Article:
Unexpurgated Reviews


July 13, 2001

by Edward Jay Epstein

Once upon a time in America, at least up until the dawn of the 1950s, more than two-thirds of the population went to their local movie theater on average once a week, Hollywood studios made virtually all their money from this audience, and, consequently, they made films with a narrative structure that this vast movie-going public could follow. There was a beginning, middle and end, rising and falling action, a climax and denouement. Times are somewhat different now. Less than 10% of the population goes to movie theaters in an average week, and studios make most of their money not from theatrical releases but from the sale of ancillary rights for video, television and toys, forms less demanding of a story with a narrative structure.

Just how far movies have separated themselves from storytelling is evident in Sony's animated film "Final Fantasy: The Spirits Within." It is directed by Hironobu Sakaguchi, who previously directed 10 installments of the computer game "Final Fantasy." Set in 2065, in New York City and in a crater where the Caspian Sea is now, the film concerns a small group of human heroes, played by computer- generated images, who battle a larger group of aliens, played by computer-generated images. The human team is led by the beautiful and brilliant Dr. Aki Ross (voiced by Ming-Na), who, to rid her body of an alien invader, has to find something called the Eighth Spirit. In lieu of any sort of story, there are contiguous action bumps, with Dr. Ross and company zapping the aliens with epileptic flashes of light and noise for the benefit of humankind.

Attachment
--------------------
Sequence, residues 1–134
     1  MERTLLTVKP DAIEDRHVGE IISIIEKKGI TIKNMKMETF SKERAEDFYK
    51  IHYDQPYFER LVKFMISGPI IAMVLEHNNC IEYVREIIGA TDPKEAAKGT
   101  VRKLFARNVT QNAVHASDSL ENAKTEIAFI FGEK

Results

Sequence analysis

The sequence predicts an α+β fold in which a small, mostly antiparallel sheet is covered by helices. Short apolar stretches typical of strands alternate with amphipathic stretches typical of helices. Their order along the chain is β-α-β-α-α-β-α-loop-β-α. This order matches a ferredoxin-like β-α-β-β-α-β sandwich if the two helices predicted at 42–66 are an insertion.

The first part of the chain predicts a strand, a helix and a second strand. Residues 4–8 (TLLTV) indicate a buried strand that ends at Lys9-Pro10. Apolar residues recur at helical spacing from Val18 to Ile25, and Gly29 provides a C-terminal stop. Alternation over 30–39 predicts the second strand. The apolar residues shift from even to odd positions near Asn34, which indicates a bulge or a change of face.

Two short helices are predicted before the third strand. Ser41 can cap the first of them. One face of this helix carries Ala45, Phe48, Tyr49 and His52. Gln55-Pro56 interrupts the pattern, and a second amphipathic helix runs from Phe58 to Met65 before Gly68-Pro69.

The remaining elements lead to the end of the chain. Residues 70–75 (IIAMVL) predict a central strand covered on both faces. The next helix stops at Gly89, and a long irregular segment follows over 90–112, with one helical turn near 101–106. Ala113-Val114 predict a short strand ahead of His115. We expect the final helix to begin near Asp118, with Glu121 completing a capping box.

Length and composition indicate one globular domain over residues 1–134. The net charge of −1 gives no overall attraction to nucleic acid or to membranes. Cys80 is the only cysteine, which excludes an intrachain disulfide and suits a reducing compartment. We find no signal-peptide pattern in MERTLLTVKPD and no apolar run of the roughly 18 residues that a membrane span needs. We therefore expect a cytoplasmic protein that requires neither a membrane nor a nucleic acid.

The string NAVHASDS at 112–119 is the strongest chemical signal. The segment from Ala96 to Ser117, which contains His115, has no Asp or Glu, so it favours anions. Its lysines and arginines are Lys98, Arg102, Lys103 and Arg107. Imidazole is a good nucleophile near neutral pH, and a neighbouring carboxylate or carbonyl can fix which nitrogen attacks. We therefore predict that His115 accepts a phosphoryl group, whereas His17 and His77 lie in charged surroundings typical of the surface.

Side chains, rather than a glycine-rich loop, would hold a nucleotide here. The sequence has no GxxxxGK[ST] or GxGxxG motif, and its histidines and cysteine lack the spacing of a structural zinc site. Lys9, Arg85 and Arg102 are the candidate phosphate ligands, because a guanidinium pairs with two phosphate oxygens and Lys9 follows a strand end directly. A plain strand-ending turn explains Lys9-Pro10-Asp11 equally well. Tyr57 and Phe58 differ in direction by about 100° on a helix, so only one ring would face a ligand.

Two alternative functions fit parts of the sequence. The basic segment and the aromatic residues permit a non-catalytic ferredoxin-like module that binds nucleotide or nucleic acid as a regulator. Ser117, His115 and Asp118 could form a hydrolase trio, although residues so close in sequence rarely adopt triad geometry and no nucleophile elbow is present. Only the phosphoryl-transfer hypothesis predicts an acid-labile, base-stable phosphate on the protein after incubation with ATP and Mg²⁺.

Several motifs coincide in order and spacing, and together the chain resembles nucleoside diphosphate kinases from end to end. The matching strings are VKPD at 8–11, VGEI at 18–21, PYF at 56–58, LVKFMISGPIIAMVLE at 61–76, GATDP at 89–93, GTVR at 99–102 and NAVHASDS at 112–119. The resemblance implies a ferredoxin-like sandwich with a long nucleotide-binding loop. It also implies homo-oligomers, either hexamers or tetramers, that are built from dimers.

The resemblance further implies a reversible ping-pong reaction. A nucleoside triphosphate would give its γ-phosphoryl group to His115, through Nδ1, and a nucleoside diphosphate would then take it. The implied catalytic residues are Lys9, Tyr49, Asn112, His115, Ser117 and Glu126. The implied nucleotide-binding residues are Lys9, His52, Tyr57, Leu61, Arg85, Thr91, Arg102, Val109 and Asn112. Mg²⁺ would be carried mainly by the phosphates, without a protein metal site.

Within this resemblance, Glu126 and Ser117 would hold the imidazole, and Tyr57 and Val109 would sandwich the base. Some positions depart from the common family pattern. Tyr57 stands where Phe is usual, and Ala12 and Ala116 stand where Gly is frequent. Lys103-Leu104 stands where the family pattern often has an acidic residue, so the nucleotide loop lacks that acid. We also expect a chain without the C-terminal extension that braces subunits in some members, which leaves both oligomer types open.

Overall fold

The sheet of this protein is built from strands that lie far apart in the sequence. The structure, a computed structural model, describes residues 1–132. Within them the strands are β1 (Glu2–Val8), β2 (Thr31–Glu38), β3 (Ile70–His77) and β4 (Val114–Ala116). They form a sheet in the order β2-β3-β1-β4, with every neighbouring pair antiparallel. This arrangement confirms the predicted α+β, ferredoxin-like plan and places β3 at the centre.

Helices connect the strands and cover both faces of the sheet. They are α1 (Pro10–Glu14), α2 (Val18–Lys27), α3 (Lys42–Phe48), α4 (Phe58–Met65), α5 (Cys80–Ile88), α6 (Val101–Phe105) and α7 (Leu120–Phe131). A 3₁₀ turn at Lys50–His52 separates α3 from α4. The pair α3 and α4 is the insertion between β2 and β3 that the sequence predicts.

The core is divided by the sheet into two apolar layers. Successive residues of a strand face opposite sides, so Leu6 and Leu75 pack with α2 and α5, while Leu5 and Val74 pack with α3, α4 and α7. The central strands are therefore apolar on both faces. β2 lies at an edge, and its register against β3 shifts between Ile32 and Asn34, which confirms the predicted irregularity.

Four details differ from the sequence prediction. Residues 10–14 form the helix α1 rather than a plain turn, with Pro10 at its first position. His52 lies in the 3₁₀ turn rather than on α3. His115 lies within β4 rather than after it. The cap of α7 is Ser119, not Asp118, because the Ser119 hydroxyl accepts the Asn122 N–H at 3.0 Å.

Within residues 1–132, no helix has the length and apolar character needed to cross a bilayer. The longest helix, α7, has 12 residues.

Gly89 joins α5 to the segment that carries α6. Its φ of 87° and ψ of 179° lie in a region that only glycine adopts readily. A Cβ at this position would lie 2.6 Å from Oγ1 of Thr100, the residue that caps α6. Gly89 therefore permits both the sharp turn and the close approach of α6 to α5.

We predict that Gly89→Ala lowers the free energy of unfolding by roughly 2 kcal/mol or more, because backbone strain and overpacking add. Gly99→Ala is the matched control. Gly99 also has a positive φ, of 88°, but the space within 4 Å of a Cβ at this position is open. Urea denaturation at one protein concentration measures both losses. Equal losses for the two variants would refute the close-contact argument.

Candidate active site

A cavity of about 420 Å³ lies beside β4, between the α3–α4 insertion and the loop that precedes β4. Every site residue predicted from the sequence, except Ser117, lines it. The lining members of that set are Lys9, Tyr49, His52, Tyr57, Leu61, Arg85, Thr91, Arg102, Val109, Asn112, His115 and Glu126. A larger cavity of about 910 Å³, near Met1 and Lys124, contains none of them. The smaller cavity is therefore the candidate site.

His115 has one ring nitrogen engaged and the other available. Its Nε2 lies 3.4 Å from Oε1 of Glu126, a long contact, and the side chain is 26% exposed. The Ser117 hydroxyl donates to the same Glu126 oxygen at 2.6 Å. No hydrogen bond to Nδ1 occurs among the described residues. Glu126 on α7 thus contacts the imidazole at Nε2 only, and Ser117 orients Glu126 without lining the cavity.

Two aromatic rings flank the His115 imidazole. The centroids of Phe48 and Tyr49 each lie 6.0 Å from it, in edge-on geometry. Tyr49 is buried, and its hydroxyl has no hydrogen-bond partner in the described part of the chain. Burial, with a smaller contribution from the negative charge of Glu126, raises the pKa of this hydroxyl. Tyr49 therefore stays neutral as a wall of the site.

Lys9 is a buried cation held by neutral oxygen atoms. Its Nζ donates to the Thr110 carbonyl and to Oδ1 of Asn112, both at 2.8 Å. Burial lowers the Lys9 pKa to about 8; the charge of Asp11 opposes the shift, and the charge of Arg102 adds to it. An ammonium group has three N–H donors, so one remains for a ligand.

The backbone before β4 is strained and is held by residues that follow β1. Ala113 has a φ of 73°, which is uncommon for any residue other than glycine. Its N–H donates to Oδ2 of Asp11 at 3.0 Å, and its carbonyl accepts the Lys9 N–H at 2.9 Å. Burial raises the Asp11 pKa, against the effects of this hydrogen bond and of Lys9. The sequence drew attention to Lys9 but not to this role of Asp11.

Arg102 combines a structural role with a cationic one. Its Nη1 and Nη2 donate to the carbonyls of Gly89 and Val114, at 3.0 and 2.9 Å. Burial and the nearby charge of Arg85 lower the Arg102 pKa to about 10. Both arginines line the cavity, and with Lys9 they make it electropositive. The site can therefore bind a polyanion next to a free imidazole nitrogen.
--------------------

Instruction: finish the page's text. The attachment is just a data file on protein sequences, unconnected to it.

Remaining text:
These computer-generated simulacra are amazingly lifelike in their movements (though the drivel they speak does not even rival the wisdom found in fortune cookies). The animators' true-to-life creations rate high on the Wow scale, but to marvel over their technical wizardry -- or, for that matter, to try to criticize it -- misses the point. "Final Fantasy," although packaged as a movie, is in reality a clever 106-minute promo for Sony's PlayStation II games. Its purpose is to sell an audience of kids on a game machine through which they, like Dr. Ross, can deal with their fantasies and other adolescent impulses by deploying a cast of human-looking simulacra.

Last year, Sony made almost 37% of its total profits -- out of an earnings base that included CDs, consumer electronics, insurance, movies and television programming -- from a single product, the PlayStation. Its movies, on the other hand, generate little, if any, corporate profits from their theatrical releases. So why not use movies as a platform, just as fashion designers use runways, to promote and publicize their PlayStation games?

'Legally Blonde'

For a slightly older audience "Legally Blonde" will be more rewarding. At least it has the semblance of a story, adapted by Karen McCullah Lutz and Kirsten Smith from Amanda Brown's novel and directed by Robert Luketic. Its premise is that a beautiful blonde, who looks, walks and talks like a Barbie doll, is clever, but, because of her looks, no one takes her seriously. In a Beverly Hills variation on Judy Holliday's Billie Dawn in "Born Yesterday," Elle Woods, brilliantly played by Reese Witherspoon, is assumed to be mindless by everyone she knows or meets, including her sorority sisters, parents, mall salespeople and even her boyfriend. When her boyfriend jilts her for a brainier classmate he gets to know at Harvard Law School, Elle decides enough is enough. She applies to Harvard and aces the entrance exams. Although the students and professors in Cambridge also jump to the assumption that Elle is a Beverly Hills ditz, she proves them wrong -- by using the skills she acquired in beauty spas and shopping malls -- and becomes the valedictorian of her law-school class. The moral of the tale is that knowledge of hair styling and designer shoes can be more important than logic when it comes to career advancement. Now that is a fantasy that can "play" in Hollywood even without a PlayStation. It is also a fantasy that will offend nobody. All sex, nudity, violence, logical distinctions and other adult distractions have been assiduously airbrushed out. Nevertheless, thanks to Ms. Witherspoon's artful portrayal of a winning, if beachless, Gidget, I found "Legally Blonde" very enjoyable.